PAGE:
I was thinking about being transactional: you do this for me, I do this for you. Often, the transaction is about money. When I pay for a thing—a book, a workshop, something that took you time to create—the transaction is a sort of pay-back.
I take classes to learn various things: how to write better, how to manage my business better, how to be a better coach, many kinds of classes. I pay tuition for the learning. Don’t confuse with paying for education with learning. For many of my classmates, the learning is optional.
I don’t think of “paying back” for the classes. I’ve already paid tuition. If I use what I learned, I can pay the knowledge forward.
I’ve already said help doesn’t need to be reciprocal.
I met someone on vacation last week who is learning to code. He has the intellectual curiosity to succeed. I don’t know if he will, but that’s up to him and some lucky breaks.
When we “pay it forward” we offer people those lucky breaks.
I’ve had many of those lucky breaks. I made some of those myself. Some, I recognized and said, “yes.”
One of my big lucky breaks arrived when the middle managers resigned rather than laying a bunch of us off. Because their salaries were so high, a bunch of us could be promoted into their jobs at lower pay. I took that opportunity, that lucky break. I learned a ton doing the management work. I’ve been paying that lucky break back with my writing, teaching, and consulting.
I had a lucky break when I met Jerry Weinberg. I’d seen an announcement of his keynoting at a conference when I started my business and was looking to speak at conferences. I created the opportunity and got a little lucky when the conference took my proposal. Since then, I’ve taken what I learned and paid it forward.
It’s difficult for me to think that my vertigo is a “lucky” break. On the other hand, I’ve learned—and continue to learn—and I pay it (what I learn) forward.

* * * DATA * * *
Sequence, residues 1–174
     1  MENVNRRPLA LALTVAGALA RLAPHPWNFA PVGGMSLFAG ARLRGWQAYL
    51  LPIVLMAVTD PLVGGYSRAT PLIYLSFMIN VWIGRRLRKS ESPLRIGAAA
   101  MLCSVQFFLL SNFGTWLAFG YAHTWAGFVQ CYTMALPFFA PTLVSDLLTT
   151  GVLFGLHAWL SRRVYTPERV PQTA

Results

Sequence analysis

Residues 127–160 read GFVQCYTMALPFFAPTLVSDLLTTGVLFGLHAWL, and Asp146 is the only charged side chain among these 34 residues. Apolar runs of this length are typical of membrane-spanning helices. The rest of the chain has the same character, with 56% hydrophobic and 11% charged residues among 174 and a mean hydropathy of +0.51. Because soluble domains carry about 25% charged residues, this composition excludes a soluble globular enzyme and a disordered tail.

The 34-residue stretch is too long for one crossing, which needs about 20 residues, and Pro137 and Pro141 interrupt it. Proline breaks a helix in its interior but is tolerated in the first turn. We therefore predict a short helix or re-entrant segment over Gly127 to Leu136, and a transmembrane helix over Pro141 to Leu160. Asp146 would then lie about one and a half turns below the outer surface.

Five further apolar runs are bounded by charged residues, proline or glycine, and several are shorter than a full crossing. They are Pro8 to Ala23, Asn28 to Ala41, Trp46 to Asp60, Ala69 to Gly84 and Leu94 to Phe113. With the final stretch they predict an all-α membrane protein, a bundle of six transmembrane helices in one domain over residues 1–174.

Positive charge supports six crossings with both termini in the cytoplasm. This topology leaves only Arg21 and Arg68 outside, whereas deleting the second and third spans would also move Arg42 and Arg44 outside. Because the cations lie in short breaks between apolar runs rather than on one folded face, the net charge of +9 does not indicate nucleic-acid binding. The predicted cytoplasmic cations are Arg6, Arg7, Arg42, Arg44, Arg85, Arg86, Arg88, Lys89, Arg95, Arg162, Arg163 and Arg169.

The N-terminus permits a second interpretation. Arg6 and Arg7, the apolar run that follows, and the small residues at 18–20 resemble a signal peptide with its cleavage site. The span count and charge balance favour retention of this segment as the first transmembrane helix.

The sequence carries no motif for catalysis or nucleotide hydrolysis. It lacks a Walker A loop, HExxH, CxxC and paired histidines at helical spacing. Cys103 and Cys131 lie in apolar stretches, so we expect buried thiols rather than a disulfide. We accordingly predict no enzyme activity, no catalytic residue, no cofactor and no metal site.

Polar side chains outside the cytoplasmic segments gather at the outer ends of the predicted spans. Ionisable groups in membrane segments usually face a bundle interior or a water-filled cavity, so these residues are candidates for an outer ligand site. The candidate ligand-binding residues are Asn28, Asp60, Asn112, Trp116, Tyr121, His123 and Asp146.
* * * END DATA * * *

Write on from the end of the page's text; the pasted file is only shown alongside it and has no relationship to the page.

A transactional payment doesn’t involve much emotion or thought. Paying it forward requires emotion, thought, and perseverance.
It’s easier to pay back, to create a transaction. It’s more difficult for me to pay it forward with intention.
The longer I work (and maybe live!), the fewer transactions I want. Sure, I have transactions all the time and they satisfy the needs I have.
What I really want is the human connection. I might not have been mature enough earlier in my life to understand and recognize that’s what I want. But, it is. And, I get that human connection when I pay it forward.
The guy last week? I’m trying to pay it forward. My online workshops? More paying it forward.
There’s no right or wrong answer for this question. To be honest, it’s all contextual. I don’t want much more than a transaction when I go to the grocery store. If I get more, I’m delighted, but I don’t want more.
When I offer you my writing and questions, and especially when you comment, that’s the pay-it-forward I want.
And, that’s the question this week: When do you pay it back and when do you pay it forward?
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